We live in a multi-family apartment in Israel (just beyond the green line). Our apartment building was built on a hillside so it is set up in such a way that all minus floors (we live on fl. -2) have a Chatzer (large yard). We discovered that located directly under our house was a large empty space that we could use for a second story to our apartment if we dug in our yard. Now that we have completed digging beneath our apartment I was warned that we should check whether or not this space really belongs to us or if we would have to share some of the space with the other 20+ neighbors or possibly reimburse them somehow for its use. A few points to consider: 1. The challal is located directly under our yard\apartment with no other neighbors having access to it. 2. We live in a city in which it is very common for people to use challal for their own apartments in a similar way. 3. The city does not offer building permits for using this space so it is widely known that people build without these permits. I would appreciate any insight that you may have on this including halachic sources or opinions of various Israeli Rabbi’s on this topic if known.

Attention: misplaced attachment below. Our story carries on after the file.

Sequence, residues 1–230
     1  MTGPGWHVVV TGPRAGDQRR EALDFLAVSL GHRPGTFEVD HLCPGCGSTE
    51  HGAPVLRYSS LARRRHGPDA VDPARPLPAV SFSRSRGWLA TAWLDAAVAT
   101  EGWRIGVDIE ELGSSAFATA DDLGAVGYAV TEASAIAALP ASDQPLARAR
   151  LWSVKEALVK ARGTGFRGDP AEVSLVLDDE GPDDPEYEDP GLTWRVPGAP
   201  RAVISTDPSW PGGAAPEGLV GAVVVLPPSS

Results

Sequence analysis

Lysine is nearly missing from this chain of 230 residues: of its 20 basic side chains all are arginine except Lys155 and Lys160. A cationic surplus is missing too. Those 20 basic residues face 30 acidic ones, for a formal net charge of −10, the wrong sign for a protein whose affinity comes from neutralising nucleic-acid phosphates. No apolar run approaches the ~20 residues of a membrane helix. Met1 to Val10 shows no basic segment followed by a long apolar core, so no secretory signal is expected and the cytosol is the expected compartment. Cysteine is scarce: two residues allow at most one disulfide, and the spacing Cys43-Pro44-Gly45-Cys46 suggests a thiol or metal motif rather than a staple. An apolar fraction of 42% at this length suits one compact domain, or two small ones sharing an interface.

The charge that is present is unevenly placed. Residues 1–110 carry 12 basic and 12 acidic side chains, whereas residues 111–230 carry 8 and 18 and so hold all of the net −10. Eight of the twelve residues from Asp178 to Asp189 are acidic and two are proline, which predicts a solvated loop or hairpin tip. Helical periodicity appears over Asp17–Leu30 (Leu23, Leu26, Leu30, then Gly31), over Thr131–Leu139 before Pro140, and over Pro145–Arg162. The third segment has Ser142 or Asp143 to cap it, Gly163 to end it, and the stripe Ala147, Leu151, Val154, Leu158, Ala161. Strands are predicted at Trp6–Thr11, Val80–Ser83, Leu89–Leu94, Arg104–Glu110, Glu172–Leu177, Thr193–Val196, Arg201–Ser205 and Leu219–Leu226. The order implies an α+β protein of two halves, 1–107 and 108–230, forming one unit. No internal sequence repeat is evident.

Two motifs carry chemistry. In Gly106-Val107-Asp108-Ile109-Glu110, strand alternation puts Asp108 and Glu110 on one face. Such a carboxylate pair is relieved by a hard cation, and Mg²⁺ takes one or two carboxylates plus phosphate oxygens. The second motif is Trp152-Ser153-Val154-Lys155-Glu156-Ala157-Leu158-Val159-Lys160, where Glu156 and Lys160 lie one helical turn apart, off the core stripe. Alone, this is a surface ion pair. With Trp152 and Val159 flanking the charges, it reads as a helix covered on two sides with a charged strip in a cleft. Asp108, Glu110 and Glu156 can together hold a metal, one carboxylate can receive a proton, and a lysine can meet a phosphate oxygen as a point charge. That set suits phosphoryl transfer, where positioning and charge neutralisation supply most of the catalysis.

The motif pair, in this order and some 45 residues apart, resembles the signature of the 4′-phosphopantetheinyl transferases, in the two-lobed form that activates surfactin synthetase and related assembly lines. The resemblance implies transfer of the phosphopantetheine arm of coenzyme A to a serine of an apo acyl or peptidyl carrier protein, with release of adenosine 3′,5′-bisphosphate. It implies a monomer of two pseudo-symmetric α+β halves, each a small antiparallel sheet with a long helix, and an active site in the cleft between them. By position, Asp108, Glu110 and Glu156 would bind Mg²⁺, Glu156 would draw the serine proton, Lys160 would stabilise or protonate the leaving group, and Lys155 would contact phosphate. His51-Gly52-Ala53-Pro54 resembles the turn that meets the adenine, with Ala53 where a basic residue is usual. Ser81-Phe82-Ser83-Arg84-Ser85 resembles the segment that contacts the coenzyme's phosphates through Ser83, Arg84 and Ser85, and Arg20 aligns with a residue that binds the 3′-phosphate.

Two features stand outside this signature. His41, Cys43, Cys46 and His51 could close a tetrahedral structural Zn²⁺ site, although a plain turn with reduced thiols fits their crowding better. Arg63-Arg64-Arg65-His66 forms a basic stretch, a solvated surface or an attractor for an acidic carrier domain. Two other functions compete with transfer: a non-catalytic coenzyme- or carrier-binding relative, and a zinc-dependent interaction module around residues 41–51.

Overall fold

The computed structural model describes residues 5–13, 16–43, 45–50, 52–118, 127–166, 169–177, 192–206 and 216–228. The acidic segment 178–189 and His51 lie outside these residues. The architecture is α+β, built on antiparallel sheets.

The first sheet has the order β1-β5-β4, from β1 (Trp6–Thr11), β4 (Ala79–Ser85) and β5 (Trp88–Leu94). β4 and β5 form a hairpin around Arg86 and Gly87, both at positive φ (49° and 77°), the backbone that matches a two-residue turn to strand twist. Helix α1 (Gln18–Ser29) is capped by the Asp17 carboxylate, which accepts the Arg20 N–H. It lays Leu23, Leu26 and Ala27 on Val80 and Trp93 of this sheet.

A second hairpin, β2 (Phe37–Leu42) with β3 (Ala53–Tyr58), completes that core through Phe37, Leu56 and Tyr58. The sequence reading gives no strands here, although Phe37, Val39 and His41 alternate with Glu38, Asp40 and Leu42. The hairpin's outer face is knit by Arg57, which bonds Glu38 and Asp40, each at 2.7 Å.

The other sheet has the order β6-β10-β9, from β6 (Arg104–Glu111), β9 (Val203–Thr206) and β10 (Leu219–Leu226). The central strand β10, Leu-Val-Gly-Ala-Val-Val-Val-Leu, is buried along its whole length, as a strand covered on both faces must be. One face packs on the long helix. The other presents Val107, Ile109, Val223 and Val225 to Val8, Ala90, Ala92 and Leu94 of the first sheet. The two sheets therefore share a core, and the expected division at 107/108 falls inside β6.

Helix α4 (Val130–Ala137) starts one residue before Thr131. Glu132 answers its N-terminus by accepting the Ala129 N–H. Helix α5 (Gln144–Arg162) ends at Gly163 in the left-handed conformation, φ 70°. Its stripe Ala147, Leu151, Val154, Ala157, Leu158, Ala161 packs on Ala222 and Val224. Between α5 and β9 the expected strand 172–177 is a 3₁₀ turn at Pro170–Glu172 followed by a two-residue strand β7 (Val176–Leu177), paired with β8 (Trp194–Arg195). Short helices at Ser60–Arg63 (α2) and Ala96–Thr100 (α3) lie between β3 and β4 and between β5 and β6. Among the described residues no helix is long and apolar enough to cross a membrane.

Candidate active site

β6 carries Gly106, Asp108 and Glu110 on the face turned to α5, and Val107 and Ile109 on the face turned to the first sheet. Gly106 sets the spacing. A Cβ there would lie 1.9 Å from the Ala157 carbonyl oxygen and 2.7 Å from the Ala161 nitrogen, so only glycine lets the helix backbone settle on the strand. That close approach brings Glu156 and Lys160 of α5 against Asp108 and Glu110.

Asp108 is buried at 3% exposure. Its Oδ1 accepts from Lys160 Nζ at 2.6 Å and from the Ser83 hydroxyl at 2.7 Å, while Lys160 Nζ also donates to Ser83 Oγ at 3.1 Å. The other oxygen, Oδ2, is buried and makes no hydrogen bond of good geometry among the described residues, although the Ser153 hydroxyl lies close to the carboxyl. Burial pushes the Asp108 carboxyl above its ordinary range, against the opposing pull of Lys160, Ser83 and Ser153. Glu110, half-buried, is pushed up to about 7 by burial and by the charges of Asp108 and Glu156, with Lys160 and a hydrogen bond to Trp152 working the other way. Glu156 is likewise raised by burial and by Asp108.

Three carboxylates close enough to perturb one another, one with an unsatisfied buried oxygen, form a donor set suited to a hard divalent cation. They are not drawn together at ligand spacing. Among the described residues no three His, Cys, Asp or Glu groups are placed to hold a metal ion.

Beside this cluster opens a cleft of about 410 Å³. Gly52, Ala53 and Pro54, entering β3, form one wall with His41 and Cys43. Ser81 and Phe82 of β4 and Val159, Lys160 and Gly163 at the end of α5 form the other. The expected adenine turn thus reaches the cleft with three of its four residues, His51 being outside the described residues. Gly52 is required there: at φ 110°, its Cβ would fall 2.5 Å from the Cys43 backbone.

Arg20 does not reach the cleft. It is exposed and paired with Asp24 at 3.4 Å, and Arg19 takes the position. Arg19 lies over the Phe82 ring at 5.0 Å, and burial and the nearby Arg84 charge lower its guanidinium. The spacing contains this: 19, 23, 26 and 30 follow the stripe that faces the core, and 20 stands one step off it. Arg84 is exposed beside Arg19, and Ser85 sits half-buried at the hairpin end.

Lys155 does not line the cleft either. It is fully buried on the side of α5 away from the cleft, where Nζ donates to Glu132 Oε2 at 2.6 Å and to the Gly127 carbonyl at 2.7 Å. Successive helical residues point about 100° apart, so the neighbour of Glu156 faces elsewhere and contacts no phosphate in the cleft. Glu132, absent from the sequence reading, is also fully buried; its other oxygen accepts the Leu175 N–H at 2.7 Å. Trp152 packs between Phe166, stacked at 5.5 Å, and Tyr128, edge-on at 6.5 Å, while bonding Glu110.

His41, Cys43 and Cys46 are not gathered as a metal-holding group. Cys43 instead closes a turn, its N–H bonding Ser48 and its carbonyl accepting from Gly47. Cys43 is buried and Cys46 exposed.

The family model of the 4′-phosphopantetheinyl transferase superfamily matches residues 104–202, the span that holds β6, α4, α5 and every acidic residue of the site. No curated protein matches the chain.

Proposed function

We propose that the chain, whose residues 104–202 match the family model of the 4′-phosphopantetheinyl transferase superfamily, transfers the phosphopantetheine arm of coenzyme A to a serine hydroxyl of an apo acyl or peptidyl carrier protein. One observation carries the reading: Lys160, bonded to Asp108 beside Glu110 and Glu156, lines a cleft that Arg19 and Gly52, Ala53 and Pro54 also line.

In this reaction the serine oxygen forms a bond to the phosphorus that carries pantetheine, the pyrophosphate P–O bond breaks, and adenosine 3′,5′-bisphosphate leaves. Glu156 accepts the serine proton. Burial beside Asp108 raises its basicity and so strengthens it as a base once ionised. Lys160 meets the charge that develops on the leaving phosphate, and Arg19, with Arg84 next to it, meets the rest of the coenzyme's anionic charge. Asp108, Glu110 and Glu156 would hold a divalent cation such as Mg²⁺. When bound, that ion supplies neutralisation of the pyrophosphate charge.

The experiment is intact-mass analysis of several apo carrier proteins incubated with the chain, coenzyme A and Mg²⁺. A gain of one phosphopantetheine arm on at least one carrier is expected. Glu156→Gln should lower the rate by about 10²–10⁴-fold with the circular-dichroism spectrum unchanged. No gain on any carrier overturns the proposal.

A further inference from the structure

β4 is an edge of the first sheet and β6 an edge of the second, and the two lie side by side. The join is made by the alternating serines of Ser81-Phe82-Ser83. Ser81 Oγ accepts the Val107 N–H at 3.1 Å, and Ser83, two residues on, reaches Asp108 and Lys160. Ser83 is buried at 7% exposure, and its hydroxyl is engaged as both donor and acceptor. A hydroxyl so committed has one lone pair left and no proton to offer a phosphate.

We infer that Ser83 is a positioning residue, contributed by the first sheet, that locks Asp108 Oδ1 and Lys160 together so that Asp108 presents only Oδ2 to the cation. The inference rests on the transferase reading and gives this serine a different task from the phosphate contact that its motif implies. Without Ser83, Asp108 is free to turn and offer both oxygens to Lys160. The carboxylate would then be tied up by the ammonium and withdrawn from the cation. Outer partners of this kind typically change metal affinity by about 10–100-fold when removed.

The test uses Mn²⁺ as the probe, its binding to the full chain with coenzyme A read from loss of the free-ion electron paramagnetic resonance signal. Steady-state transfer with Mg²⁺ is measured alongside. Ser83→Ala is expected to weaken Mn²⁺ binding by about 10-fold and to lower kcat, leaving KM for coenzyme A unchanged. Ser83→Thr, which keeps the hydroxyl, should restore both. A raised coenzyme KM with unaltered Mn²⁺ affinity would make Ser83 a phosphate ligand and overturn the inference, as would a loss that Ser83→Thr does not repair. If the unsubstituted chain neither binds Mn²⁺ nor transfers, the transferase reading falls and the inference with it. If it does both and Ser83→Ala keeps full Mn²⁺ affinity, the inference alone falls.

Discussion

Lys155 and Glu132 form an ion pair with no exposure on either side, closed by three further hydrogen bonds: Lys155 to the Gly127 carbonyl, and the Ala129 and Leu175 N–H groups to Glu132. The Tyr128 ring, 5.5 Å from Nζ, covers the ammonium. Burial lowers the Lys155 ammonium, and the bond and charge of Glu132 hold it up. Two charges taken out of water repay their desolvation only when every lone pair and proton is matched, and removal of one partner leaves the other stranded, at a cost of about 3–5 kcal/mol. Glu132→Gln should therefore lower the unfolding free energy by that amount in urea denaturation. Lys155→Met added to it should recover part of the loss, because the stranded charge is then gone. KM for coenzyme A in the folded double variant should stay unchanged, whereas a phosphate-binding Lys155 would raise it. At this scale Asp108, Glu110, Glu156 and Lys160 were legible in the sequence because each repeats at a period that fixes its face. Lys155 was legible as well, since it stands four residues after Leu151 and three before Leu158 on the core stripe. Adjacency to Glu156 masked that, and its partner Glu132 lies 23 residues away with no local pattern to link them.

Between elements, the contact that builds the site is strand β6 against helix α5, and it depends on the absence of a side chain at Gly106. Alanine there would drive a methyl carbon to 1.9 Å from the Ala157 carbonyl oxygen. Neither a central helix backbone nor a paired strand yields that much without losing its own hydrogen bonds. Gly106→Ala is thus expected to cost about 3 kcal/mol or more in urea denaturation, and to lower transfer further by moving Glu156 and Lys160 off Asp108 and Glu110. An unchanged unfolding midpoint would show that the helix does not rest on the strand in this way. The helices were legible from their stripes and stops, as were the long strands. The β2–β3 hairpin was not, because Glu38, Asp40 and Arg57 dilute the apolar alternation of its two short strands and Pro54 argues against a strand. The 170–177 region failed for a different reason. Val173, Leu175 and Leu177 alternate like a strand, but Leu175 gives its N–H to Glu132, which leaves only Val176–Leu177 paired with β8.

The question is complex and it is not advisable to give an answer to a specific case without knowing the reality in terms of the law, the purchase contract, the boundaries of the plot, the neighbors' claims, and more. It touches on the laws of neighbors, theft, between man and his fellow - relations with neighbors, Dina Demalchuta and community regulations. I would like to point out a number of approaches among Halachic authorities regarding the definition of spaces in a shared building in order to broaden the knowledge on the subject. But for practical ruling and also as good advice to avoid neighborly disputes, consult with the local rabbinical court. Summary of approaches in defining spaces in a shared building: 1) One approach is to view them as ownerless property, because they were not included in the sale, not by the seller nor by the purchasers of the apartments, and whoever is first to acquire it is entitled to it (משפט צדק בשם י"א). 2) A second approach entitles the residents who live beside the spaces from the time of purchase, by virtue of a compelling assumption that the space was sold to them, because it is of great benefit to them, and because they are the only ones who will be able to obtain a permit from the authorities to build there. (משפט צדק בשם הגר"נ קרליץ ובשם הגר"מ שפרן). 3) A third approach sees them as shared property, but opines that since the other residents cannot exercise their right to build the spaces, they are subjected to the law of "Kofin Al Midat Sedom" (we block attempts to behave as in Sedom) for the benefit of the residents who reside beside the spaces. (משפט צדק בשם הגרז"נ גולדברג). 4) A fourth approach considers them to be shared property for all intents and purposes and one cannot forcibly expropriate the ownership of the other residents; rather one should obtain explicit permission from them, if necessary giving them compensation. (שמרו משפט בשם המקורות הבאים: ספר עמק המשפט ח"ג, שכנים סימן נח. עטרת חכמים להרב ברוך טעם, השמטות סימן כא, והובאו דבריו בספר אבן שהם סימן קעא. ושכן מורים בהרבה בתי דין). (להרחבה ראה ספר משפט צדק בעניני הבית המשותף בהלכה להרב אילן אש. וספר שמרו משפט להרב שלמה זעפרני שליט"א ח"ב, בענין שותפים בקרקע, סימן לז, קביעה הלכתית בעניין חללים בבית משותף).